appropriated, yet as the Reigns in the present Volume are those which immediately succeeded that of Henry VIII., they could not be passed over, in wilful omission, from any personal considerations, without a discreditable intellectual cowardice, which would unfit the man who could yield to it, from doing his historical duty fully and fairly, on any other division of our national transactions. The endeavor has been, throughout the whole volume, to narrate the succession of its events with the same unvarying impartiality that would have been maintained if it had treated on the history of the Pharoahs of the Nile and their Persian conquerors; or had concerned only the stately hierarchy of ancient Egypt, and the emancipation and improvements of its Grecian reformers. It is the Author's duty faithfully to describe the past, but not to interfere with any discussions which may now be subsisting on such subjects. He has steadily endeavored to observe a just neutrality as to these ; and having made this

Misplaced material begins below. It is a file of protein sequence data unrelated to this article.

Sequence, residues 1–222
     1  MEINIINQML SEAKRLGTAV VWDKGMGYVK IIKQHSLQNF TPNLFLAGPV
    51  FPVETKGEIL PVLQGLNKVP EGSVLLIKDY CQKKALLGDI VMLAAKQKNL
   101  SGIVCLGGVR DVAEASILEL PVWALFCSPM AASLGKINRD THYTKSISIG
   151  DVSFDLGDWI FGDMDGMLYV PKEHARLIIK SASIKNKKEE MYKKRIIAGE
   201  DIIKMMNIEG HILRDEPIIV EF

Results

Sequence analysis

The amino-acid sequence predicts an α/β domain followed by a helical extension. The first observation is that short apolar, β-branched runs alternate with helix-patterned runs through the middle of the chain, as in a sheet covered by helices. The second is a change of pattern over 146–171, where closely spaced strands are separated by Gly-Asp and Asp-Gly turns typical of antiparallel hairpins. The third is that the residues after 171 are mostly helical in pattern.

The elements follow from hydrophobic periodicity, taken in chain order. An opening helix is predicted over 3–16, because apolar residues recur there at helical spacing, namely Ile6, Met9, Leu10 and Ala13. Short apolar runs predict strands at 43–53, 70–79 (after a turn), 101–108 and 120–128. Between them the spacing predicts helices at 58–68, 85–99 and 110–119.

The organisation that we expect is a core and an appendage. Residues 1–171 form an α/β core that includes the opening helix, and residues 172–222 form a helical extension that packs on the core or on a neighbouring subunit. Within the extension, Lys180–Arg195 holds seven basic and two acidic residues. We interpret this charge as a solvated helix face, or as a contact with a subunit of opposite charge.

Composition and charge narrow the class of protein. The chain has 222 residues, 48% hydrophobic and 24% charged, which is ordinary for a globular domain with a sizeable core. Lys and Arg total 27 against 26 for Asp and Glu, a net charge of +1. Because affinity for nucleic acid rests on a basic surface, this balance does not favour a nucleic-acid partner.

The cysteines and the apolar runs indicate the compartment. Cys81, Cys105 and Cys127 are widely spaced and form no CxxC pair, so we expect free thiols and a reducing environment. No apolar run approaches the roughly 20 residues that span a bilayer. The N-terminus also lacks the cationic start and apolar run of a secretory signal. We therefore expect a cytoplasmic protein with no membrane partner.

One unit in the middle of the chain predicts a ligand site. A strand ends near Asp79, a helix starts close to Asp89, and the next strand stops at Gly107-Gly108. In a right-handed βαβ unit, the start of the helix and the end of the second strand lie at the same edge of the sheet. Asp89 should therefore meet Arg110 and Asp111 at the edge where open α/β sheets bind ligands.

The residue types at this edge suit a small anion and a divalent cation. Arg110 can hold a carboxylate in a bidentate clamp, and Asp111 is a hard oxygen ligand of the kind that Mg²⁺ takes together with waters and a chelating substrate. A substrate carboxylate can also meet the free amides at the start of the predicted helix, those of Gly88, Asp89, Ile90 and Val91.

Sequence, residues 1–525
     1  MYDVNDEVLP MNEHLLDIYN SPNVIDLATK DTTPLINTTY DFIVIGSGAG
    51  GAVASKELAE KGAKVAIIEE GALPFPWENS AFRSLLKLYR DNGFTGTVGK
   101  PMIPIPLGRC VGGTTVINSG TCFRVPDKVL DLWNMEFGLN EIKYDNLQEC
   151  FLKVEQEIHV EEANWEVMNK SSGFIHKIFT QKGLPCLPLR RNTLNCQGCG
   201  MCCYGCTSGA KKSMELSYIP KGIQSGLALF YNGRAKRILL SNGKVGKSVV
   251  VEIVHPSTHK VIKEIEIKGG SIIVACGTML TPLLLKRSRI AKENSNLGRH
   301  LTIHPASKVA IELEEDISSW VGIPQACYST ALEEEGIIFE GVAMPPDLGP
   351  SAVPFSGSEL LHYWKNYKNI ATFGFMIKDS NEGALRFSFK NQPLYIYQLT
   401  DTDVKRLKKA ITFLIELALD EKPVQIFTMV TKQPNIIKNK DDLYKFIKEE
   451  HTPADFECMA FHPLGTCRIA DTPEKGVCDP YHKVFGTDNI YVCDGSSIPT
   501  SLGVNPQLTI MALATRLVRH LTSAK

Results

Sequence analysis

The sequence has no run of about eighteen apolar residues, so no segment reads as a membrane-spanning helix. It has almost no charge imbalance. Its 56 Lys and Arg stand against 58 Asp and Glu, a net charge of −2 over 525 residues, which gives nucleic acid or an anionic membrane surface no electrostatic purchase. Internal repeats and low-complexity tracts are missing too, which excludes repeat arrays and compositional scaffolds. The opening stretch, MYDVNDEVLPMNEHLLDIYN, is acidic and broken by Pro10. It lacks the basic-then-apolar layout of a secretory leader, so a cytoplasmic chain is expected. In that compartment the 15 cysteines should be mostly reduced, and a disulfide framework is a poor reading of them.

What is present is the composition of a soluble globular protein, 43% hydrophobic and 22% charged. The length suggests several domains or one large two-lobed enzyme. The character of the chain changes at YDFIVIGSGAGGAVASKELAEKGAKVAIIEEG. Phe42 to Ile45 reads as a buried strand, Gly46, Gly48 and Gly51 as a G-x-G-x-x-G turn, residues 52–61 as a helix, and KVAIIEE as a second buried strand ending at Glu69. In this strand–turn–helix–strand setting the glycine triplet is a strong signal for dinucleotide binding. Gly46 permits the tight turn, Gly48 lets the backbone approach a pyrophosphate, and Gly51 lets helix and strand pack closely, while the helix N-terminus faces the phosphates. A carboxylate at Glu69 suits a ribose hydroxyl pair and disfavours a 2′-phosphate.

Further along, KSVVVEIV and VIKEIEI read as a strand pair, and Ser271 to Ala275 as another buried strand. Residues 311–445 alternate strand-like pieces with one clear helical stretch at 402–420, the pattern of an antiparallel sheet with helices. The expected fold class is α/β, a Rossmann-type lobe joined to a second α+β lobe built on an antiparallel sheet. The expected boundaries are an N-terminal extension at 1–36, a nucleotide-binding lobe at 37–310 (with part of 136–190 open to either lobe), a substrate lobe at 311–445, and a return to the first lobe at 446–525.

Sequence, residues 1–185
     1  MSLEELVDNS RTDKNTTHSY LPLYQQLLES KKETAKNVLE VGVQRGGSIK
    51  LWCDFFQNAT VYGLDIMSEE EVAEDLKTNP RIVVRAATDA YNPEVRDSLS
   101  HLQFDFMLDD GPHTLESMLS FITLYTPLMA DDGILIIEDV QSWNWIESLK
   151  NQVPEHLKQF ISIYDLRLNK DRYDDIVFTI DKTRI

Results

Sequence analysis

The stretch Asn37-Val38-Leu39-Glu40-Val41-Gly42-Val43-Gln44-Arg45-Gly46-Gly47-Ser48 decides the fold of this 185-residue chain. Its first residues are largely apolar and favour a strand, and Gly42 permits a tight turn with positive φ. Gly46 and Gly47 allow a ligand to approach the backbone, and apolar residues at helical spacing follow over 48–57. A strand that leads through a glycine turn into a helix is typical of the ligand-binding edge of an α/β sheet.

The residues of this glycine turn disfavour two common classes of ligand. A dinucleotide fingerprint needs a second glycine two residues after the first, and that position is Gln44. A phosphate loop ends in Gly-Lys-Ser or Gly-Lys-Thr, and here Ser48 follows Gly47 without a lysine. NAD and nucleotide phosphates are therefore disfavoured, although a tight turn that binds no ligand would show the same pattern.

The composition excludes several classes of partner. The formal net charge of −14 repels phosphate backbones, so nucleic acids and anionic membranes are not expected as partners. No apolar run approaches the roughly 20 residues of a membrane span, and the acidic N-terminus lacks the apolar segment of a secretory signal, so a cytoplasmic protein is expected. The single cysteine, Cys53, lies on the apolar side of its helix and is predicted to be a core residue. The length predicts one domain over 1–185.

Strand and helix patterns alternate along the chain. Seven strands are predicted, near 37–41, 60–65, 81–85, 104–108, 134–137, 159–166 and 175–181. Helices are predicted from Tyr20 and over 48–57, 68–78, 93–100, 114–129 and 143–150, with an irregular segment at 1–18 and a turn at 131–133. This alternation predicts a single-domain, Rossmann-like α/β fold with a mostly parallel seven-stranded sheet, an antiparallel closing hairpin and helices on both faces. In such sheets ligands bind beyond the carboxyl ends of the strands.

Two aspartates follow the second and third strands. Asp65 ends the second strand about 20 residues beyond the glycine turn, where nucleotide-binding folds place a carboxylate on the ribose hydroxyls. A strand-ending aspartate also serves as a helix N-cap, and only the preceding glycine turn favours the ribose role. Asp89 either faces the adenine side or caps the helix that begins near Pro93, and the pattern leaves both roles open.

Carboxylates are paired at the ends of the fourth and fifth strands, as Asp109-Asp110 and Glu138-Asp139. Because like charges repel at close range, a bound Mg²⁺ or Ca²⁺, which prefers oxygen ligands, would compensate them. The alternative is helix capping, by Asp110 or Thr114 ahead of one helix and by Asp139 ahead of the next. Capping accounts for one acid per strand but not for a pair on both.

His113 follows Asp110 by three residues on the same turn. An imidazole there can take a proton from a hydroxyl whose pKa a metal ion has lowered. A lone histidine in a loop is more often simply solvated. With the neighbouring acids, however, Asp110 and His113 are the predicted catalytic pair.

principle his continual guide, all other results must be patiently risqued. Angry criticism is a possibility of evil, which, in the present activity and dispositions of human nature, no precaution can avert. The right of every one is to judge as he pleases; and each will express himself according to his own taste and choice. It is for the advantage of our individual character to judge equitably, and to write with honorable candor. But even in this respect no one can be dictated to. Society grants to no author a charter of protection, but has decided that reviewers may range and skirmish as they like. Public criticism must be therefore confronted with reasonable firmness, and all its varieties must be tranquilly endured. It must be expected to be diversified according to the talents and temper of its writers. The liberal cannot, from the generous impulses of their own nature, but be liberal. The irritable will be fractious; the vindictive will be severe ; the self-elated will be dogmatic; the ungentlemanly will not be courteous. We all act and behave in society according to what we have grown up to be; and our pen obeys and displays our mental character, as expressively as our manners, our conversation, or our conduct. Hence every author must expect a diversity of treatment, according to the mental habits of those who publicly notice him. Whoever publishes, has no choice but contentedly to abide what he may dislike, and await the calm judgment of the more impartial thinkers, and the equitable decision of time; or to abstain from committing his literary labors to the public press. But the most unfriendly censures may be made to pro